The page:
Page 2: Global marketing
A global marketing strategy involves the creation of a single strategy for a product, service or company for the entire global market, embracing many markets or countries simultaneously and aiming to level differences between them.
Consumers across the globe share many common characteristics. In the 21st century we will increasingly see the development of a global consumer whether they live in Peking, Prague, Pittsburgh, Perth or Portsmouth. Today, fewer parts of the world are remote and difficult to penetrate thanks to the rapid development of new communications systems. Television, the Internet and other media are able to spread the message about product availability. Rapid transportation and technology transfer links bring products directly to where consumers want to buy them.
The marketing mix for an organisation (product, price, place and promotion) is designed for global consumption. In this way, for example, a standard advertising campaign will be rolled out across television screens around the globe, extolling the virtues of a product that will be identical in every respect regardless of location.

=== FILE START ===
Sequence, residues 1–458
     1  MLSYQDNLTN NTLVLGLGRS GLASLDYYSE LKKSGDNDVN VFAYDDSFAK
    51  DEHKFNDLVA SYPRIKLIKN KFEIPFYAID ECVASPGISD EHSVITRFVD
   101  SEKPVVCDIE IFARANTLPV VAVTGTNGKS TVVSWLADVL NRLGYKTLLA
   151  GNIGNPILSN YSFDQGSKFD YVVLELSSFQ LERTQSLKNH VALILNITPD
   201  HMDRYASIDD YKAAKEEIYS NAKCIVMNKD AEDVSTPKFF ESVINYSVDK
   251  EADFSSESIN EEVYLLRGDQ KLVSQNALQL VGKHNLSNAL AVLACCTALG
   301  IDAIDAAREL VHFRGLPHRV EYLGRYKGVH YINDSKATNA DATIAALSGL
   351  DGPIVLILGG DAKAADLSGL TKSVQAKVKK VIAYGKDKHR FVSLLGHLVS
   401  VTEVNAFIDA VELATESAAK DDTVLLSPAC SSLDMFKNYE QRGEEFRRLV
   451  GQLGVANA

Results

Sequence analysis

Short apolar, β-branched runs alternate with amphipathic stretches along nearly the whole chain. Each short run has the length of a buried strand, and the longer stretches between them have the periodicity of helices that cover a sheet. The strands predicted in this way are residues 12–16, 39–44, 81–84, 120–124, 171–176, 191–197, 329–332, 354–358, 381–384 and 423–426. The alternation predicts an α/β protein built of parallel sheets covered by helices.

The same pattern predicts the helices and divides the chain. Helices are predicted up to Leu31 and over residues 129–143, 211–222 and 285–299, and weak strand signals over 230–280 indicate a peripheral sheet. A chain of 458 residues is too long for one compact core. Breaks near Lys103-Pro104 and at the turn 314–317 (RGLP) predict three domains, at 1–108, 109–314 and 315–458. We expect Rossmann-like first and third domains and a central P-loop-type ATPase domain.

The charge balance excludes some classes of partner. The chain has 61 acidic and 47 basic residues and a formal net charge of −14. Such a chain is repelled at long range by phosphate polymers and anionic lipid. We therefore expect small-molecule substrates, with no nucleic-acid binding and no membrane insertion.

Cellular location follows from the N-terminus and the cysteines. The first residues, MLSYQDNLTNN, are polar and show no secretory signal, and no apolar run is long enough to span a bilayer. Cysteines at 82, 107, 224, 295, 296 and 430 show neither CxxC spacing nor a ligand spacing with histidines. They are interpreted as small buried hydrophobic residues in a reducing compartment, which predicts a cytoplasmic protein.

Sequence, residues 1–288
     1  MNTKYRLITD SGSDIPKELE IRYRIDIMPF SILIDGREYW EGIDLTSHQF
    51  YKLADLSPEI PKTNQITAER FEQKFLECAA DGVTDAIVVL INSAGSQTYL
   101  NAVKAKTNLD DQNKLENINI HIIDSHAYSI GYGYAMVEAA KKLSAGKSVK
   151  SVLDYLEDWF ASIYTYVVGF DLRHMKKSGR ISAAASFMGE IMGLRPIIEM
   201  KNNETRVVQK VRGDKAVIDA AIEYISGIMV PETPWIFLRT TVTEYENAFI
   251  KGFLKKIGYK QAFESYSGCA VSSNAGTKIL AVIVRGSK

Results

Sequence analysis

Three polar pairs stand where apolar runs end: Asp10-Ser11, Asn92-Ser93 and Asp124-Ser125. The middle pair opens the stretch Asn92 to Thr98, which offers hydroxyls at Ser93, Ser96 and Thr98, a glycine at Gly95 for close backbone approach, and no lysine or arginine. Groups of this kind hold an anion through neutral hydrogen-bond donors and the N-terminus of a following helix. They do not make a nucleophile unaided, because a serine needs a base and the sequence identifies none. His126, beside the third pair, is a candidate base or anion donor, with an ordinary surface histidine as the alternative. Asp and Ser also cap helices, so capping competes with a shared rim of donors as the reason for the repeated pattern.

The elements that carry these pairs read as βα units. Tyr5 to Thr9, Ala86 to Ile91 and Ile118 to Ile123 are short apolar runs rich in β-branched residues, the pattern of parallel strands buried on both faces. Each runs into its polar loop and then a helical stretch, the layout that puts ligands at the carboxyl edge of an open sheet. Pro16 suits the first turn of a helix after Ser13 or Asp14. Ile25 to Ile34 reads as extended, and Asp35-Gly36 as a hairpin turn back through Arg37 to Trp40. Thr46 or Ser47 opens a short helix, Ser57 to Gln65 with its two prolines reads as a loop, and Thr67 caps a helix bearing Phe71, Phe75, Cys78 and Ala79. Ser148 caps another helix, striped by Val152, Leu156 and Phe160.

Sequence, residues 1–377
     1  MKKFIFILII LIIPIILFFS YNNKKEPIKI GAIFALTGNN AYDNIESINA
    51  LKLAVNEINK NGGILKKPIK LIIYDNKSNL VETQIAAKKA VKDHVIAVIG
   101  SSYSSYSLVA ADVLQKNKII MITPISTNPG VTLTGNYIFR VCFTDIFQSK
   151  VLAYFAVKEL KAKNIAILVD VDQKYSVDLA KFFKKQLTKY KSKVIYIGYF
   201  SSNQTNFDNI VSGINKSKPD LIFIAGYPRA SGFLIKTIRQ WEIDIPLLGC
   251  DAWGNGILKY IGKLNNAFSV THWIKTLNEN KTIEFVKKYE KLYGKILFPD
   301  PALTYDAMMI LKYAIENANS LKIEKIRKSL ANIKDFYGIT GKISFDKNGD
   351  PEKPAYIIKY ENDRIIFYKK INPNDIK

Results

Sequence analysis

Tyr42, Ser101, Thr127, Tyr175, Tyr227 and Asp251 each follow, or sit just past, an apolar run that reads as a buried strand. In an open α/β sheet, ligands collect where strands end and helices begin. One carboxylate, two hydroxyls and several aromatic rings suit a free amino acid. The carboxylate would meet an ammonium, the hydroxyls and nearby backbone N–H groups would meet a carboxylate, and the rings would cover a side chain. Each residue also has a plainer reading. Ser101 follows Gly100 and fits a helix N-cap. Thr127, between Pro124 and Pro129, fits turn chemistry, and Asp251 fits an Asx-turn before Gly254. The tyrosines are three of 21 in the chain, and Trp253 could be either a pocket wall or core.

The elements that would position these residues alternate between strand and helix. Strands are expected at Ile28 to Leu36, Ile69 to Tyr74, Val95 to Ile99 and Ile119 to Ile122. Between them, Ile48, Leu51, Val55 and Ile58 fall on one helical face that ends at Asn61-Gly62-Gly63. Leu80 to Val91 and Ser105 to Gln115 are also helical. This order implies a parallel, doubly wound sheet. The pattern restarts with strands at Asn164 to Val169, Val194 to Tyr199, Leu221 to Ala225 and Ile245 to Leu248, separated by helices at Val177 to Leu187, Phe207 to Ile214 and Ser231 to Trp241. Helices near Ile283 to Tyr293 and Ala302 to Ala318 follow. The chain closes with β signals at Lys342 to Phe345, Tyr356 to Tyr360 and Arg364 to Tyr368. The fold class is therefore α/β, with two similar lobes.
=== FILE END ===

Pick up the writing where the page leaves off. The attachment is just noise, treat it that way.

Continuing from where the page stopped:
Companies that compete in the global arena are all too aware of the benefits of market leadership. Michael Porter, a business strategist, expresses this in simple terms - 'gain the lion’s share of the market and the profits will follow'. If you have 51% of the market your next nearest rival can only gain 49%. By winning the largest share of the market you are best placed to benefit from economies of scale – the advantages of being big - enabling you to lower the unit cost of producing items.
On a global scale, clear economies include:
- the ability to mass produce items using sophisticated technology
- being able to produce a single advertising campaign used in many individual markets
- the ability to bargain from a position of strength when dealing with suppliers
- the advantages of producing a brand that is universally recognised.